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    (Original post by Laroch)
    I'm merely pointing out, using America as an example, that your arguments against the threat starter are a load of rubbish.
    Then we will agree to disagree.
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    Scotland would have crumbled under the recession if it wasn't for the rest of the UK, fact.
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    (Original post by Curzon)
    I think you'll agree with me that the case of the flooding of Capel Celyn was a very extreme case. What I am saying is that we as a nation can't get the leverage we want in Westminster regarding things that only affect us, and that the devolved assembly gives us that power to look after ourselves. I also feel that it is highly undemocratic that Welsh and Scottish MPs can vote on England-only issues in parliament (at least issues that are devolved to Wales and Scotland).
    What things are there that only affect Wales? Generally speaking, most "Wales only" issues are "Wales only" simply because a while ago someone decided to treat Wales as a separate entity to England.

    The flooding of Capel Celyn wasn't really a "Wales only" issue, it only affected a particular part of Wales. Saying that all people in Wales should have got a say in that is just like saying all people in the UK should have a say in things that affect Wales only.

    (Original post by L i b)
    The flaws are plain to see: for one, Scotland would not be a member-state. It would cease to be part of the member-state, which is the UK. The UK would still exist, and its membership would thus remain intact.
    But how do you decide which state is the UK and hence the existing member? I suppose in this case it's fairly obvious, since England has a considerably larger population and it would remain in a state together with Wales and Northern Ireland. But suppose Northern Ireland had already left the UK, and there has been a massive population shift. Now the population of Scotland is comparable to that of England and Wales. In this situation it's not so obvious which is the continuation of the UK, and which is a new state.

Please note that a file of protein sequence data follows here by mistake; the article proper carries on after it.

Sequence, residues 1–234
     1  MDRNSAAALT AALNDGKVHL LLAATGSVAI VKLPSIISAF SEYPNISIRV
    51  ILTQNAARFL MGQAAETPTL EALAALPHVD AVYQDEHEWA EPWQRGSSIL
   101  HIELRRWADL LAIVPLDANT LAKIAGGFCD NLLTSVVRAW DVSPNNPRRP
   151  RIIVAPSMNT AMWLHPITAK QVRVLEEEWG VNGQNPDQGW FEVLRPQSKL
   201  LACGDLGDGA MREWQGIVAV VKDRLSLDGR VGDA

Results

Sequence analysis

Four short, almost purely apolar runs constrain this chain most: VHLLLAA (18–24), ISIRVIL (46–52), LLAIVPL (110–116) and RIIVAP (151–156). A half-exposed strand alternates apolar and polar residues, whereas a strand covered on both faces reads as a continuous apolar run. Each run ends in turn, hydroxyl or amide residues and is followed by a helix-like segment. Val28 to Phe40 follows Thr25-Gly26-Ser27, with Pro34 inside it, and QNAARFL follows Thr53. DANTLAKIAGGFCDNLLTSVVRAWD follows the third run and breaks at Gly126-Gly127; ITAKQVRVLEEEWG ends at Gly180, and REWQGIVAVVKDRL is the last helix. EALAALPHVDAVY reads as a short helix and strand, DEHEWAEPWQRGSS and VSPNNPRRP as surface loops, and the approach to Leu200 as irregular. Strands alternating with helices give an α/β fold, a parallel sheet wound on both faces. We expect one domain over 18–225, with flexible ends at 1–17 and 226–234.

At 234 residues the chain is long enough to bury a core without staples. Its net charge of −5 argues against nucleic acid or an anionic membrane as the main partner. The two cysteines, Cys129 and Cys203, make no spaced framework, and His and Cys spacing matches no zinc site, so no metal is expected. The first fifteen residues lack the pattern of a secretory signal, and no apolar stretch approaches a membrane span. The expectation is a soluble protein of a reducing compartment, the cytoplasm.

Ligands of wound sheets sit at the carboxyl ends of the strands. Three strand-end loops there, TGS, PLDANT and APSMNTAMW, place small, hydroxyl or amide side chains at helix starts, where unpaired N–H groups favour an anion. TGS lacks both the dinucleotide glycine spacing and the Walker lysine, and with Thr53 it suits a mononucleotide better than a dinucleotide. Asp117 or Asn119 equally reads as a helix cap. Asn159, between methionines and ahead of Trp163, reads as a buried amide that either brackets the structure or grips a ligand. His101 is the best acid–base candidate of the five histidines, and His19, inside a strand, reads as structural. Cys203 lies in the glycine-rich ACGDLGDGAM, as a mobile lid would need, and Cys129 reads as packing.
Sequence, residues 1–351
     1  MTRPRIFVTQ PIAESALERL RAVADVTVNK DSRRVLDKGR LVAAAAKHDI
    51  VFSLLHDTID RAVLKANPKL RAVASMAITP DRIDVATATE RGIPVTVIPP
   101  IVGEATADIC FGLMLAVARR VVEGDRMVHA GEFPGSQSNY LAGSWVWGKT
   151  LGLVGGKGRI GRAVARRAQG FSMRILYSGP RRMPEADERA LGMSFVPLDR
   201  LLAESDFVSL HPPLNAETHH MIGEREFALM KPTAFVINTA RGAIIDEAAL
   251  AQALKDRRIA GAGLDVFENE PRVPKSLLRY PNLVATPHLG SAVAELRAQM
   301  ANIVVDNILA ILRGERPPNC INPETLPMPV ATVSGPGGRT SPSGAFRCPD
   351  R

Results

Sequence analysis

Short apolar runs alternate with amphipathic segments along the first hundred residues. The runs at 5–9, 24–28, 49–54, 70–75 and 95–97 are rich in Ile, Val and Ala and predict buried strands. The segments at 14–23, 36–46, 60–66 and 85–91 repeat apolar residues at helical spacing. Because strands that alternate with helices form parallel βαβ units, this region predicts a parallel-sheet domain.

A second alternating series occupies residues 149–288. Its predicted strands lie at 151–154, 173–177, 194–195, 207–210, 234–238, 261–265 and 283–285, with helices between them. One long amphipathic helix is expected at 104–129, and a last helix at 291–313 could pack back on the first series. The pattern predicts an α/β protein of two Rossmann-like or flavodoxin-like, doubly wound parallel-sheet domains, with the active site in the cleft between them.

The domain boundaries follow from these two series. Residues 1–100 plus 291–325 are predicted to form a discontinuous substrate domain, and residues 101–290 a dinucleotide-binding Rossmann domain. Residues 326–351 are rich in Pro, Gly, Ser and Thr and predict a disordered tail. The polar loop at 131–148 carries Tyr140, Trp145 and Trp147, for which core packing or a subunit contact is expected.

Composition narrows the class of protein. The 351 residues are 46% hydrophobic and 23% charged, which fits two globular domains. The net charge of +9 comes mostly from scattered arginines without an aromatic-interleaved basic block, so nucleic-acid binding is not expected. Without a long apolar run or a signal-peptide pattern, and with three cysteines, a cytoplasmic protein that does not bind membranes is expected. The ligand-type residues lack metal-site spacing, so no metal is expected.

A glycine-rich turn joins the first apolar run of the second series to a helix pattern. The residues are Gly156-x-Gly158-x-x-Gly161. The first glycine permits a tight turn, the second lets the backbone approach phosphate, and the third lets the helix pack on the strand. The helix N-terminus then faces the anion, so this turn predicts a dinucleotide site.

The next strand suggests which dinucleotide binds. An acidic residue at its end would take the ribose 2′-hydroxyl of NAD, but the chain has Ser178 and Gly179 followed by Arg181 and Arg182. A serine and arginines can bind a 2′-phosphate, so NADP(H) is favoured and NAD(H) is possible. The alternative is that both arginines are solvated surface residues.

To me it seems fairly arbitrary which one counts as the new state. Simply based on which on is bigger or more well known.
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    (Original post by Psyk)
    But how do you decide which state is the UK and hence the existing member? I suppose in this case it's fairly obvious, since England has a considerably larger population and it would remain in a state together with Wales and Northern Ireland. But suppose Northern Ireland had already left the UK, and there has been a massive population shift. Now the population of Scotland is comparable to that of England and Wales. In this situation it's not so obvious which is the continuation of the UK, and which is a new state.

    To me it seems fairly arbitrary which one counts as the new state. Simply based on which on is bigger or more well known.
    That tends to be the position where states break up and a successor state is appointed: the USSR to the Russian Federation, for example. Although as I recall, the international community was reluctant to appoint successor states for Yugoslavia during its break-up.

    In your British scenario, there is no break-up of any state. The UK continues, constitutionally unaffected, simply with less territory - as it did when Southern Ireland went its own way in 1922. Successor states don't come into it. There would be no way that the UK Government would allow a theoretical Scottish secession to break-up the UK: indeed, since the UK isn't a federation, it's hard to see how it could effectively break-up.
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    (Original post by L i b)
    In your British scenario, there is no break-up of any state. The UK continues, constitutionally unaffected, simply with less territory - as it did when Southern Ireland went its own way in 1922. Successor states don't come into it. There would be no way that the UK Government would allow a theoretical Scottish secession to break-up the UK: indeed, since the UK isn't a federation, it's hard to see how it could effectively break-up.
    Why would England automatically be the continuation of the UK? What it both Scotland and England claimed to be the continuation of the UK?
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    (Original post by Psyk)
    Why would England automatically be the continuation of the UK? What it both Scotland and England claimed to be the continuation of the UK?
    The Kingdom of England ceased to exist in 1707. If Scotland left the UK, then there would be two states: the UK and Scotland. England would still be part of the UK.
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    (Original post by L i b)
    The Kingdom of England ceased to exist in 1707. If Scotland left the UK, then there would be two states: the UK and Scotland. England would still be part of the UK.
    Ok, but how do you know which one left the UK, and which one is the UK? In this hypothetical example we are assuming NI is no longer in the UK (for simplicity's sake) and that Scotland's population is roughly equal to that of England and Wales combined. What if the governments of Scotland and "England and Wales" both considered themselves to be the continuation of the UK?

    I guess what I'm asking is, if a country is split up, who gets to decide whether which part is the new country, and which is the old one with less territory?